These Are The Fables - The New Pornographers (mp3)
As a vanilla kid with a vanilla childhood whose virginity endured far longer than he might have wished at times, who rode his bike everywhere, whose vanilla limbs all worked properly if unimpressively, whose vanilla parents raised him to be “decent” (the most vanilla of words), whose dad actually hid his meager stash of Playboys and whose mom only cussed a few times each year, I enjoyed aplenty books that took me out of my comfort zone and showed me a world beyond my own comprehension. From Tolkien’s books to Blume’s girls to “The Red Badge of Courage” or “...Mrs. Basil E. Frankweiler” escaping the confines of my vanilla male prison is one of the reasons fiction will never die.
Or, to put it another way, the reason Freaks & Geeks has become one of the biggest cult TV classics of the last 30 years is because it’s a story about millions of people amalgamated into the bodies of a few precious pasty-lookin’ characters whose biggest dramas include hosting a keg party and skipping a school math competition.
If you’re heterosexual and pasty-colored, have a couple of reliable friends, and wake up every morning in the same bed and with the same two adults in the house, there can’t possibly be any conflict or plot challenge in your life so compelling as to fill a gripping novel.
And perhaps that’s true. Perhaps normal lives and normal people are incapable of extraordinary experiences worthy of 21st Century YA fiction. But it sure as shit doesn’t feel true if you’re a vanilla teenager. From the moment your alarm clock goes off too early in the morning to the moment time seems to move faster, and you’re staring up at the ceiling in your dark room with earphones on, wondering when in the name of holy deities, shit feels important. Everything in-between pretty much feels colossal, too.
albino, a teen devoid of melanin who suffers from a number of physical and emotional side-effects related to the disorder. But the way the plot unfolds, the book isn’t so much interested in being About The Struggles Of Living With Albinism; the condition is just a modernized way to create the Instafreak. Rather than have a lengthy back story about why some kid doesn’t fit in, leaves his former school, has no real friends, you just make him an albino and Voila! Instant loner and loser!
The other key male protagonist and the one who frames the narrative is Duncan, a year younger who is living out his senior year at The Irving School, the boarding school where something tragic and involving Tim occurred the previous year. Duncan inherits Tim’s room and a collection of recorded CDs (similar to Thirteen Reasons Why) on which Tim shares his story.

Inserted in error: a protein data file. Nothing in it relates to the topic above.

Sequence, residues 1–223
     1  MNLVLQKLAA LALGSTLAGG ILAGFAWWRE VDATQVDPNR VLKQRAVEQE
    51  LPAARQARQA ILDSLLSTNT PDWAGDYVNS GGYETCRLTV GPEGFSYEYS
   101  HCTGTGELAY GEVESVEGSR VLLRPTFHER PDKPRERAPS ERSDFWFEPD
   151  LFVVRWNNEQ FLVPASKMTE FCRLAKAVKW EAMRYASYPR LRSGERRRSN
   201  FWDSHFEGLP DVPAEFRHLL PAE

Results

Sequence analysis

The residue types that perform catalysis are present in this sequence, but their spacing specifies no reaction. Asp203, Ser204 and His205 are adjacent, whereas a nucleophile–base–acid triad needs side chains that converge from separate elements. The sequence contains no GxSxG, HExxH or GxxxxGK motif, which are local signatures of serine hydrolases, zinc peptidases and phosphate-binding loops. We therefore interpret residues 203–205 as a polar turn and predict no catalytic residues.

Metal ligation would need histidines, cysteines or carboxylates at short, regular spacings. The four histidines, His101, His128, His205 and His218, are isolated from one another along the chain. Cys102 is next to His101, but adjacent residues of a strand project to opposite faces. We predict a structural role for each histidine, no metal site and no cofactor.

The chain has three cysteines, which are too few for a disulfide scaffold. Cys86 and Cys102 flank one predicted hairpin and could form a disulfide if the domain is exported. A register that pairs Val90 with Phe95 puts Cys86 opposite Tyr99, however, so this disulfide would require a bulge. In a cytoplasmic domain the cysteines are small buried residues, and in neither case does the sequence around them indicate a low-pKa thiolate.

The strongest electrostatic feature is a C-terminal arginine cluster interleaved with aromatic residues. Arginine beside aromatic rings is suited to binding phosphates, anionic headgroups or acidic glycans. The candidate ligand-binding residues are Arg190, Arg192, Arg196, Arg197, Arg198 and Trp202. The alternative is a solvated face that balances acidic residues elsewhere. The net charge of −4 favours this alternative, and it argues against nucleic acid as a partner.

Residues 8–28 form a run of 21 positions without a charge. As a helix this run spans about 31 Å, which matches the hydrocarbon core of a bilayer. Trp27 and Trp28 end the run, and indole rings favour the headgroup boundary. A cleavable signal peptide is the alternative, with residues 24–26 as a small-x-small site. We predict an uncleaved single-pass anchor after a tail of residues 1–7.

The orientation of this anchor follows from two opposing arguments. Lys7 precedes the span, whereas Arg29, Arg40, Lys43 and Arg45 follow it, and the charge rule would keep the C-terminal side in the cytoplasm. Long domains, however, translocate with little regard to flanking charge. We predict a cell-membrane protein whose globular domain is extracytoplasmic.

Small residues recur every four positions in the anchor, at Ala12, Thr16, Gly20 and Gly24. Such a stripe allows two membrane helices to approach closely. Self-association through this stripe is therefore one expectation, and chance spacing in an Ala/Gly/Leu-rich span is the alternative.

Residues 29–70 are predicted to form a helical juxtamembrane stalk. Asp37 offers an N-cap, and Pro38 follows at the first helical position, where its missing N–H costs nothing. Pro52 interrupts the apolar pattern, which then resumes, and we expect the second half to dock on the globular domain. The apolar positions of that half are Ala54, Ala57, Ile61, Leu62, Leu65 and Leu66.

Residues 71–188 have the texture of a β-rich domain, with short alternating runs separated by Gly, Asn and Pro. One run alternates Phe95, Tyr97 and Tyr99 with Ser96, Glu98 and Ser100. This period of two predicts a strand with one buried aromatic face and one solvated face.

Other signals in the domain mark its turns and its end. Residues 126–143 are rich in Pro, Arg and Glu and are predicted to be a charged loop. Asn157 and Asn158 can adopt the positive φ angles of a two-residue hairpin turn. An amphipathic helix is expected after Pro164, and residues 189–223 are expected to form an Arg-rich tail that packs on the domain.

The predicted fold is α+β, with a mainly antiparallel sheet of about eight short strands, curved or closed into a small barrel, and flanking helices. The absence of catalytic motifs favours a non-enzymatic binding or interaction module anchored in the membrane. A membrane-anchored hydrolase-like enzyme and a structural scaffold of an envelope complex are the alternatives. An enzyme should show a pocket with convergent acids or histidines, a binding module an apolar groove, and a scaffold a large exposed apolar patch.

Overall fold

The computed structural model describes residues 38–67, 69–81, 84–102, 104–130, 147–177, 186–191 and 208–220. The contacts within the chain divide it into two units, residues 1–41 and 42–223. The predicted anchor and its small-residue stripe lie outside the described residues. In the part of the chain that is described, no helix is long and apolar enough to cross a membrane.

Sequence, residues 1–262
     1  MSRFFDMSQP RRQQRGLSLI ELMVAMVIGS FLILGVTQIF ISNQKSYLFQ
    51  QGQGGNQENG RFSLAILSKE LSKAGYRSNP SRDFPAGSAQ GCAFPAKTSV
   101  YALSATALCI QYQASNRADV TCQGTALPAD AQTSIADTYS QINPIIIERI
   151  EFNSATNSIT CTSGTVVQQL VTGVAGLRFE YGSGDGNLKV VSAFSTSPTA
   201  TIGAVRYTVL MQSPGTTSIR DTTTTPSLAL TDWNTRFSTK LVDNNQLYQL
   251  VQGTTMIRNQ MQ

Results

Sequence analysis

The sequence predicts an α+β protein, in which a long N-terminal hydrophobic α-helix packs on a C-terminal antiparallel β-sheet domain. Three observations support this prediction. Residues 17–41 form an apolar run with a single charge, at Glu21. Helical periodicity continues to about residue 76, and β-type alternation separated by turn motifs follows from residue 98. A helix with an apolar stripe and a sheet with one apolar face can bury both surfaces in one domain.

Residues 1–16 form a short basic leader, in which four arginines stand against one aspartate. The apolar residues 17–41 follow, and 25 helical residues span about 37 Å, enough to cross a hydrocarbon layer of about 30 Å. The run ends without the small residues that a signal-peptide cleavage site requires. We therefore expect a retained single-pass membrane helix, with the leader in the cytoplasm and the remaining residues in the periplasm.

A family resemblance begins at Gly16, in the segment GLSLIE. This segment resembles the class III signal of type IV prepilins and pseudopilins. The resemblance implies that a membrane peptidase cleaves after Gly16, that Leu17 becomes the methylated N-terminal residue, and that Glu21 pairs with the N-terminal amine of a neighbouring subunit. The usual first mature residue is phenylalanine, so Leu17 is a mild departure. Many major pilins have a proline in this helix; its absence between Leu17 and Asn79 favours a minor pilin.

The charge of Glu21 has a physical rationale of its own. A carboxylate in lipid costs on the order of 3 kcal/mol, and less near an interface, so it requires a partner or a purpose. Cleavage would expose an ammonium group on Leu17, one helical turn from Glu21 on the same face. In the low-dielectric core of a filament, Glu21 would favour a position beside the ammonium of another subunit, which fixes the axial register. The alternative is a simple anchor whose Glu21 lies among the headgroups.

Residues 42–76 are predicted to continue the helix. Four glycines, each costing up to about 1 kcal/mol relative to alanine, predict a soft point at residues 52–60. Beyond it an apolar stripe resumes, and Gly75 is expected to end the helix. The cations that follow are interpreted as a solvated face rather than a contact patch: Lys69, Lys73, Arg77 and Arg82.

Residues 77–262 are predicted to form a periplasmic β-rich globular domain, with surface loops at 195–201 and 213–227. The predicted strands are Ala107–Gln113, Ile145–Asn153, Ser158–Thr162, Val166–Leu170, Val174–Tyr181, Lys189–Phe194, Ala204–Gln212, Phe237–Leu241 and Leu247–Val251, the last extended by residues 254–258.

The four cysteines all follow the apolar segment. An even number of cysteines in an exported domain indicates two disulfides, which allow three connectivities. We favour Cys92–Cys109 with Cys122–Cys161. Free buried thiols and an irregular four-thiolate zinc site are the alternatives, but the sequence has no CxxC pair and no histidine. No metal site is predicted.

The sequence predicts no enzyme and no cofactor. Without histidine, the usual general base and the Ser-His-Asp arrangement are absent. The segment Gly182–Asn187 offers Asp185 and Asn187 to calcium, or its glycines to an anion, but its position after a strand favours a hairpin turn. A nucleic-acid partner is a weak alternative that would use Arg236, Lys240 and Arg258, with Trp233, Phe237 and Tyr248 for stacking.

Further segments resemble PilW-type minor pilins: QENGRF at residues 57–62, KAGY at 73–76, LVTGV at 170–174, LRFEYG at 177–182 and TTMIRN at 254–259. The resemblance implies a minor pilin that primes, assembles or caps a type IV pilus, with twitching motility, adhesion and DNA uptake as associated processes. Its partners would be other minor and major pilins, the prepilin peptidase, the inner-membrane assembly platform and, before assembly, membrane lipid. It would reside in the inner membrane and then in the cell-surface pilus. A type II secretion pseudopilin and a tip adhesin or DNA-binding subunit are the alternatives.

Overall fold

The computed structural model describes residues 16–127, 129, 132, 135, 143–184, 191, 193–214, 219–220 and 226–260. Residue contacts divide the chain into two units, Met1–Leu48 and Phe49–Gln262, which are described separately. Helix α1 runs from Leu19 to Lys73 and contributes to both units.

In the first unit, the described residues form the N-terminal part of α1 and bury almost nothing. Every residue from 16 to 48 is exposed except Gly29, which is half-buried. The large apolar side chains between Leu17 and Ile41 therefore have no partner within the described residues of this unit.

Duncan is the vanilla kid. He’s got girl problems and isn’t sure where he fits in school. And he’s often more interested in listening to Tim’s story than living.
I’m being very harsh, and this is intended as a compliment.
The Tragedy Paper is a very good, easily readable throwback book about outcasts, popular kids, the confusion of teen love, and stupid teenage decisions. The albino thing wasn’t so bad. Mostly what I wanted was more. Some more description. Some more about Duncan’s dazed and confused senior year when he wasn’t in his room or holding hands with his maybe-girlfriend. I wanted a bit more about life at a boarding school that wasn’t in the woods or in a tiny dorm room.
If what you want out of a book is more, it can’t be that bad of a book. And the world could use a few more teenage books where not everyone is getting laid, where just a really long smooch could make a kid’s head spin, books where there are no roving gangs of bullies so much as just mean, selfish kids.
The most memorable scene for me is when the main antagonist, Patrick, is leading Tim and a group of seniors through the snowy woods for reasons known only to him. The scene is fraught with the sense of a set-up. What are they going to do to Tim?? The only other kid who’s been nice to Tim even gets sick and has to stop to puke before Tim convinces him to keep going. Oh the irony! Tim is dragging this guy with him for something awful!
This was Elizabeth LaBan’s first novel. It’s good, but not great. It’s got the right kinds of ambition and approach and heart, and all that counts for something. I hope she’s not going anywhere, because she’ll get better her next time out. Maybe she'll even try and make something delicious out of vanilla next time rather than pure white.